COVID-19: One-third of British people prefer to stay indoors, reveals a new survey

WION Web Team
LONDON Published: Jun 09, 2021, 12:25 PM(IST)

FILE PHOTO: People queue to enter terminal 2, as tighter rules for international travellers start, at Heathrow Airport, amid the spread of the coronavirus disease (COVID-19) pandemic, London, Britain, January 18, 2021. Photograph:( Reuters )

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According to the data, 33% of Britons still prefer to stay at home and shun social contact totally, while only 17% say they would socialise once a week. 

Despite the relaxation of lockdown restrictions for the summer, a YouGov poll finds that one-third of UK citizens prefer to "stay at home" and avoid social contact. 

The United Kingdom has eased restrictions on its economic and social interactions, but the spread of the Covid version, which first appeared in India, threatens the entire easing of prohibitions. 

Most coronavirus rules will be removed in the final step of the planned exit from lockdown on June 21, allowing bars and restaurants to reopen at full capacity and nightclubs to reopen for the first time since the pandemic began last spring.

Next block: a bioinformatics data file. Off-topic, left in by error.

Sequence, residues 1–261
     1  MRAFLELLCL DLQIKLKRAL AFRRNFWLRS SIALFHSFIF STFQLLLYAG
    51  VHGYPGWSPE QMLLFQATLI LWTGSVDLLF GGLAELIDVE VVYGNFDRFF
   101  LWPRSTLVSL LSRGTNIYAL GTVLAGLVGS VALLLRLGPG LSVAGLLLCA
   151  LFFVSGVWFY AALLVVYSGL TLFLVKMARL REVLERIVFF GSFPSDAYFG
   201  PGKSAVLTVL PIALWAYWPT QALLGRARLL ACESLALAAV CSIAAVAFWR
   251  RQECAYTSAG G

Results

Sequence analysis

It has been revealed that 33 per cent of Brits are still choosing to stay at home and completely avoid social contact while only 17 per cent say that they would socialise just once a week. 

A total of 15 per cent claimed that they planned to meet friends about twice a week, while 9 per cent said that they would meet friends thrice a week.

Wales has the maximum number of residents, a total of 40 per cent, who choose to stay at home. This is even after the country eased lockdown restrictions on May 17. 

Age was seen as a major factor in triggering eagerness to socialise and interact with friends. Only 15 per cent of 18–24-year-olds claimed that they would avoid social interactions as compared with 32 per cent of 25–49-year-olds and 42 per cent of 50–64-year-olds.

The research comes after Sir David King of Independent SAGE urged the government to delay easing lockdown by a period of a few weeks as cases soar in the UK.

(With inputs from agencies)

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